AUBURN, Ala., Nov. 7, 2018 /PRNewswire/ — What would you say if you were told a preventative measure to being diagnosed with Alzheimer’s disease or dementia is sitting in your kitchen pantry? According to Auburn University Harrison School of Pharmacy researcher Dr. Amal Kaddoumi, that could certainly be the case.

(PRNewsfoto/Auburn University)

Kaddoumi is leading a multi-disciplinary team in an investigation of oleocanthal, a molecule that appears naturally in extra-virgin olive oil, as a novel preventative treatment for such diseases.

Kaddoumi, whose specialty areas include neuropharmacology and brain research, has received a R21 grant from the National Institutes of Health of more than $400,000 to study oleocanthal and the therapeutic possibilities it has related to Alzheimer’s and dementia. Additionally, she has received $150,000 as part of the Auburn Presidential Awards for Interdisciplinary Research, or PAIR, for a pilot clinical study and is collaborating with multiple national and international groups on additional therapeutic benefits of oleocanthal that are currently ongoing to evaluate its anti-inflammatory effect in Alzheimer’s.

A molecule isolated from extra-virgin olive oil, oleocanthal is a potent antioxidant and a non-steroidal anti-inflammatory natural product. Somewhat similar to ibuprofen, her studies on oleocanthal and oleocanthal-rich extra-virgin olive oil show the compound is highly effective against Alzheimer’s-related behaviors.

“We are very excited about our findings with oleocanthal, which demonstrated several positive effects against Alzheimer’s in mice that express the disease, such as enhancing the blood-brain barrier function and reducing the formation of amyloid-beta plaques and neuroinflammation, all of which are hallmarks of Alzheimer’s,” said Kaddoumi. “We are optimistic about the impact of oleocanthal on reducing the risk of developing mild cognitive impairment, a stage that precedes Alzheimer’s, and on reducing the progression from mild cognitive impairment to Alzheimer’s. As an outcome of this project, we hope the findings will support advancing the therapeutic development of oleocanthal in clinical trials.”

A truly multidisciplinary effort, Kaddoumi is leading a team of collaborators in the Harrison School of Pharmacy and across the Auburn campus.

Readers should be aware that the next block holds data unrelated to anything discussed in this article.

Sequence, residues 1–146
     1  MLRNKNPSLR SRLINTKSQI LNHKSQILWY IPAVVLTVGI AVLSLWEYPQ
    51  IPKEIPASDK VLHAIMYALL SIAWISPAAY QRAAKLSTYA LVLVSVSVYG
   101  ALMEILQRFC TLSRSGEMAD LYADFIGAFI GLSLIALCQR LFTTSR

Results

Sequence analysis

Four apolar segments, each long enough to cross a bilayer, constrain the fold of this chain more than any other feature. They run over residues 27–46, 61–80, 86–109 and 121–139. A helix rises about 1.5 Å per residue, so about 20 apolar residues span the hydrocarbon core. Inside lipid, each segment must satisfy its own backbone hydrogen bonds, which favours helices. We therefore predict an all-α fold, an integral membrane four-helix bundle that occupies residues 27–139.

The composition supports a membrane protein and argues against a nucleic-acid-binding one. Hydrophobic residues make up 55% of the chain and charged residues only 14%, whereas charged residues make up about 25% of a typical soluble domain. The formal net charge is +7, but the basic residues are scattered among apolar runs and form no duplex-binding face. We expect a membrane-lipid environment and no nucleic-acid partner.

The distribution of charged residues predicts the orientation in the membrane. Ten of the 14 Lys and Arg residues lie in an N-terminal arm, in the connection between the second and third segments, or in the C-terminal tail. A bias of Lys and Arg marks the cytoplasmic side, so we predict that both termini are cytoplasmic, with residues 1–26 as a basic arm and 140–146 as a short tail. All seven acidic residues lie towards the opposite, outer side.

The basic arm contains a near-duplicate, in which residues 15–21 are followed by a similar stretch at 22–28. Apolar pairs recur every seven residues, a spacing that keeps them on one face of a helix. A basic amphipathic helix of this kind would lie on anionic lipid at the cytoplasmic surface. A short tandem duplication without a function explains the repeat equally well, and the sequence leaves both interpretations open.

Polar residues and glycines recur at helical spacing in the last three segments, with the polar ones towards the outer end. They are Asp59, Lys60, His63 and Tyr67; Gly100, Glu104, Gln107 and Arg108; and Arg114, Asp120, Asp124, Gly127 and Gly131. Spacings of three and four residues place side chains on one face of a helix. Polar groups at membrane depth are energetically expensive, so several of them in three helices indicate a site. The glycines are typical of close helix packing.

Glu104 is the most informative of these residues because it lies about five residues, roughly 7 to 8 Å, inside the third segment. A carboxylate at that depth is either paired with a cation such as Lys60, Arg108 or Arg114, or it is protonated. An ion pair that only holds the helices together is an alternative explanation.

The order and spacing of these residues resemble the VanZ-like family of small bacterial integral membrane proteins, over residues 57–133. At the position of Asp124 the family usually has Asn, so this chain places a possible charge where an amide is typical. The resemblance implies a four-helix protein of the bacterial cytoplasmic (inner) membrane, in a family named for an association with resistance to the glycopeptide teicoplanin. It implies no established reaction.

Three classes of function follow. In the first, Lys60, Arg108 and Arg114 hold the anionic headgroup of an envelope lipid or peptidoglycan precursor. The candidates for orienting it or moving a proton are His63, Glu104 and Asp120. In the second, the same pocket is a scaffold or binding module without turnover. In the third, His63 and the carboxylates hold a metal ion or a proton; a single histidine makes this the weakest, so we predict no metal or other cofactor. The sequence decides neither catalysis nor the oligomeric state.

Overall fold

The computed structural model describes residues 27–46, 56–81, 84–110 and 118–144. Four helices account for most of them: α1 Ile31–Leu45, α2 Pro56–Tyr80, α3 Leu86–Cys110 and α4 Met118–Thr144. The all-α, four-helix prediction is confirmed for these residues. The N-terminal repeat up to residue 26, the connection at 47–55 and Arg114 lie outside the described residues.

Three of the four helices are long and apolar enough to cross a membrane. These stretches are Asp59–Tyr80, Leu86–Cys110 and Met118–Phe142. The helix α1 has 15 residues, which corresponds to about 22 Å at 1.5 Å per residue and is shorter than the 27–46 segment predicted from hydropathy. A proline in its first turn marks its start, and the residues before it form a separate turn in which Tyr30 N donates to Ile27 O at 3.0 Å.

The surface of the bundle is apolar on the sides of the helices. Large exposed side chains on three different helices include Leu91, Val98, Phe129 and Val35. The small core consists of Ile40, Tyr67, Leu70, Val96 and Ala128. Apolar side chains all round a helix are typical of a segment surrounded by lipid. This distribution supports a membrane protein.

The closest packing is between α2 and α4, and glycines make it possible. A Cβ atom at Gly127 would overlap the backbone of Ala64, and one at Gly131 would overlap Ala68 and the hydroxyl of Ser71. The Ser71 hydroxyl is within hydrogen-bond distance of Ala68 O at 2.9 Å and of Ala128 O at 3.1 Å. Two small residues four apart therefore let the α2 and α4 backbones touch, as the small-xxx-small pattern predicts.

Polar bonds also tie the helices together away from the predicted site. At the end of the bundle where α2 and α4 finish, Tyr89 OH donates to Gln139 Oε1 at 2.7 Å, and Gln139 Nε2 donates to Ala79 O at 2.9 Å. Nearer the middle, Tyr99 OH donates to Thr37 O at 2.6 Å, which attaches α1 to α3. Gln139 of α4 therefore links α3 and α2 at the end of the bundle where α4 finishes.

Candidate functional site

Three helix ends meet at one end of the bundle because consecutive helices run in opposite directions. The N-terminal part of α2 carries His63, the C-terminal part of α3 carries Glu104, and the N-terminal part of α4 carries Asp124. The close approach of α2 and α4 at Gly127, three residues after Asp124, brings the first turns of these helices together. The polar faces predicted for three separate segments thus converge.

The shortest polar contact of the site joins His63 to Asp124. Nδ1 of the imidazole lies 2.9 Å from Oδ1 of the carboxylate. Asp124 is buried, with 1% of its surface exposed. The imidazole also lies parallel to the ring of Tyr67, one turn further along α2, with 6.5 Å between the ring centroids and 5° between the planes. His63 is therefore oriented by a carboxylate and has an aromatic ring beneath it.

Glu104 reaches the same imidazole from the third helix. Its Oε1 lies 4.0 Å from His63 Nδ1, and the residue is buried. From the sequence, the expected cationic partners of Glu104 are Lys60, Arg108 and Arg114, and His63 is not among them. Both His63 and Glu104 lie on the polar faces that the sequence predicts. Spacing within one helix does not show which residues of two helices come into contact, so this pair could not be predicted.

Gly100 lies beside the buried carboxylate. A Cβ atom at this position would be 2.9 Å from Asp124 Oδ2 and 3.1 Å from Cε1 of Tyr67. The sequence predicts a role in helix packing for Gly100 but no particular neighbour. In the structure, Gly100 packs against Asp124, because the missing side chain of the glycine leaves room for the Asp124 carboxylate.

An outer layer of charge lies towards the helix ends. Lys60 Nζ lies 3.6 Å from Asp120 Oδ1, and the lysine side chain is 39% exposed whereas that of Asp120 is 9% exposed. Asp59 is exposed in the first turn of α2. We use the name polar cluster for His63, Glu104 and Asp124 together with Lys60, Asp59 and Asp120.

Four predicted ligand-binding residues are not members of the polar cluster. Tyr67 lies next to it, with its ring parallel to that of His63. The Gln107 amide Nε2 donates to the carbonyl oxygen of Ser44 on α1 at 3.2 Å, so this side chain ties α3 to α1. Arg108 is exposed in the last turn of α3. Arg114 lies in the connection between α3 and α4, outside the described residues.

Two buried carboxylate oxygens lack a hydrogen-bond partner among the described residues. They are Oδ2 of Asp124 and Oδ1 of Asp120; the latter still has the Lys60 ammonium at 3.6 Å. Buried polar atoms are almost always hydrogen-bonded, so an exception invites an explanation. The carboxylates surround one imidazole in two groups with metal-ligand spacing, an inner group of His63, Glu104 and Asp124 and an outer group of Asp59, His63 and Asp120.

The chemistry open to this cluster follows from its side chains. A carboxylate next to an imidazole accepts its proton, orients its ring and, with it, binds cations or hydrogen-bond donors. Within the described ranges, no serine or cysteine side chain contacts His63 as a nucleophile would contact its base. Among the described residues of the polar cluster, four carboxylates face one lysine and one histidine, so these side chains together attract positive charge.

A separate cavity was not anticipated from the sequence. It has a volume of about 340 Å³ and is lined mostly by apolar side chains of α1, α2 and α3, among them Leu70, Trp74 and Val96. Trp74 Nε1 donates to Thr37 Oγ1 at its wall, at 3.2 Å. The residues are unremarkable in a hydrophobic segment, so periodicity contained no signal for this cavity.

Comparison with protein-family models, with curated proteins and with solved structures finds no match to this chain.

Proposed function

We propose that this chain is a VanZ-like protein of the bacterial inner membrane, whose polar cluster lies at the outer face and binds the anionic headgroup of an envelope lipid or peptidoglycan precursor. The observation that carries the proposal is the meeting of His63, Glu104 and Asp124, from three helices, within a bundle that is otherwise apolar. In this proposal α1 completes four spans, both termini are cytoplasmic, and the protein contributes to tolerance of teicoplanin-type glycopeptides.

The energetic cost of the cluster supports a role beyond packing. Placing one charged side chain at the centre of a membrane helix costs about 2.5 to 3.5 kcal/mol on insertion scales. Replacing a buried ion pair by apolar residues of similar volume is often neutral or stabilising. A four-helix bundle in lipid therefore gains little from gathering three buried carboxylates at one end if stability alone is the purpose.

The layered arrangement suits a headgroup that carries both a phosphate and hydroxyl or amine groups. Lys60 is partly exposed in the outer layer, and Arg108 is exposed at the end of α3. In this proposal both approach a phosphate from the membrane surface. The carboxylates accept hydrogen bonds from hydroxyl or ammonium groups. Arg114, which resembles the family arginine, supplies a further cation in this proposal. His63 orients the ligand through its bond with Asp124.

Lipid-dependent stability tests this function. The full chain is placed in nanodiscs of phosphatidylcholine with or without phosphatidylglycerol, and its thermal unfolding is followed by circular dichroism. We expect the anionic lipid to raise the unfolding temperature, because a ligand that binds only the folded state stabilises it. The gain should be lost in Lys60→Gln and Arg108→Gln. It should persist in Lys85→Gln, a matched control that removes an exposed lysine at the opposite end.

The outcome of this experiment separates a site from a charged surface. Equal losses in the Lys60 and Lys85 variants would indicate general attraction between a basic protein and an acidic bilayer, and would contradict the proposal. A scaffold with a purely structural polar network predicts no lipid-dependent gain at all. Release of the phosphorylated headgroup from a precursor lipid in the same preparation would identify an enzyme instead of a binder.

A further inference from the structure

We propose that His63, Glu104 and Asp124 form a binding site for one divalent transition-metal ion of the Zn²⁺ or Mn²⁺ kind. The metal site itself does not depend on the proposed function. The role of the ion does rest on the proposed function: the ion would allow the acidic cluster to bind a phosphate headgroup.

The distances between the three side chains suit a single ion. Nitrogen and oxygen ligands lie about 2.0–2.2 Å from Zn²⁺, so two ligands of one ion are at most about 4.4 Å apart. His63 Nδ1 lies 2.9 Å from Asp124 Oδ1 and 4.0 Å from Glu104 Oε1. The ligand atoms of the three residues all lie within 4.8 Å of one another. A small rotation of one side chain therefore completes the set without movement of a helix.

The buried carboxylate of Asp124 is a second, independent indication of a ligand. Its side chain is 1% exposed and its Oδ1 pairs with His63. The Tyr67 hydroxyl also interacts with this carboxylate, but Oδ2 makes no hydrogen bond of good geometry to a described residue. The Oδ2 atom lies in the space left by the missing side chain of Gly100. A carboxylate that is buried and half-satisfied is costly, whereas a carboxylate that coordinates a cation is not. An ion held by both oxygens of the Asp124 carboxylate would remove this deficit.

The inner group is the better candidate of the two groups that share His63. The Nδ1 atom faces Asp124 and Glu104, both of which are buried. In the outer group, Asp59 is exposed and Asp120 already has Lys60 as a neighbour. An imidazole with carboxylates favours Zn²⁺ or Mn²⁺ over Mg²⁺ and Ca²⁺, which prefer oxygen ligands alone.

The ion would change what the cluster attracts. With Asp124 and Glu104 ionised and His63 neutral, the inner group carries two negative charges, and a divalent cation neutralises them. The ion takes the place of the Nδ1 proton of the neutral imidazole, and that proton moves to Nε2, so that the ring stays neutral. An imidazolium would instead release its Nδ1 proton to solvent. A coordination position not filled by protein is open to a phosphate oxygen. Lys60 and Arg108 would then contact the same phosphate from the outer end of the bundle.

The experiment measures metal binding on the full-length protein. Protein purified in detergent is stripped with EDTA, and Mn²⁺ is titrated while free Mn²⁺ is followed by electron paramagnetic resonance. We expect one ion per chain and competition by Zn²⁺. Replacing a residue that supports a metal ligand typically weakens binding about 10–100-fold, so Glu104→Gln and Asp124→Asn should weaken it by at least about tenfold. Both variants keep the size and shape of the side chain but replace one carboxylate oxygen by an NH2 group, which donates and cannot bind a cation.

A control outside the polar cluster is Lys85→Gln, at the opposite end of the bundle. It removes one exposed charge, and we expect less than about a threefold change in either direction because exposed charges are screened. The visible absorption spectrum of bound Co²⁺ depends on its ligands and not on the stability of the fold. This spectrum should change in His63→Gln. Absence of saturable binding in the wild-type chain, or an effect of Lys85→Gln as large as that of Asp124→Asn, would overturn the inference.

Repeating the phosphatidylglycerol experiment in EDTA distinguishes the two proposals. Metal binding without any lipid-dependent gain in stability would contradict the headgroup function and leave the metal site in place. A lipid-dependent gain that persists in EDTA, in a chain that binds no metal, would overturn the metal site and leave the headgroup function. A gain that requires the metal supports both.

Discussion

Within the pharmacy school, Dr. Miranda Reed specializes in psychology, particularly in memory loss and is able to evaluate the effect of oleocanthal on working memory, spatial memory and learning abilities, which are usually impaired in Alzheimer’s. Dr. Peter Panizzi brings experience in molecular imaging, allowing the group to assess the effect of oleocanthal on the blood-brain barrier function and Alzheimer’s disease progression using the state-of-the-art Multi-Spectral Optoacoustic Tomography, or MSOT, system.

Dr. Thomas Denney, Dr. Gopikrishna Deshpande, Dr. Jennifer Robinson and Ron Beyers from the Auburn University MRI Center will assist in MRI imaging, data interpretation and assess effect on cognition and behavior. Dr. Darren Beck from the Edward Via College of Osteopathic Medicine in Auburn will assist in biomarkers analysis while Dr. Annie Kirby will act as the nutrition expert to ensure adherence in each study group to the protocol. Dr. Nancy Merner from Auburn’s College of Veterinary Medicine is consulting on human study design, subjects’ recruitment and IRB protocol establishment.

“We have a multidisciplinary team with expertise in neurologic disorders, behavioral testing, molecular imaging and pre-clinical drug development for AD therapeutics,” said Kaddoumi. “Their work is essential to accomplish the project objectives.”

Alzheimer’s affects more than 30 million people globally, including more than five million people in the United States that are living with the disease. That number is expected to increase to 16 million in 2050.

With the disease affecting such a large part of the population, Kaddoumi believes it is important to identify ways people can reduce the risk of developing the disease. One area she has identified as a factor is diet with clinical studies suggesting that adherence to Mediterranean diet improves cognitive function and slows the progression of Alzheimer’s. One major component of a Mediterranean diet is extra-virgin olive oil.

“According to our findings with extra-virgin olive oil, this observed positive effect could be attributed to the oleocanthal compound, which suggests the consumption of extra-virgin olive oil could be beneficial to protect memory and learning ability,” said Kaddoumi. “As a therapeutic approach, we are working on the development of oleocanthal as a therapeutic molecule to prevent, slow, and/or hold the progression of Alzheimer’s.”

Using these therapeutics to strengthen the blood-brain barrier can be key to helping those with neurodegenerative disorders. The team hopes their work leads to clinical trials and a new therapy for treating Alzheimer’s diseases and related disorders including cerebral amyloid angiopathy and vascular dementia.

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SOURCE Auburn University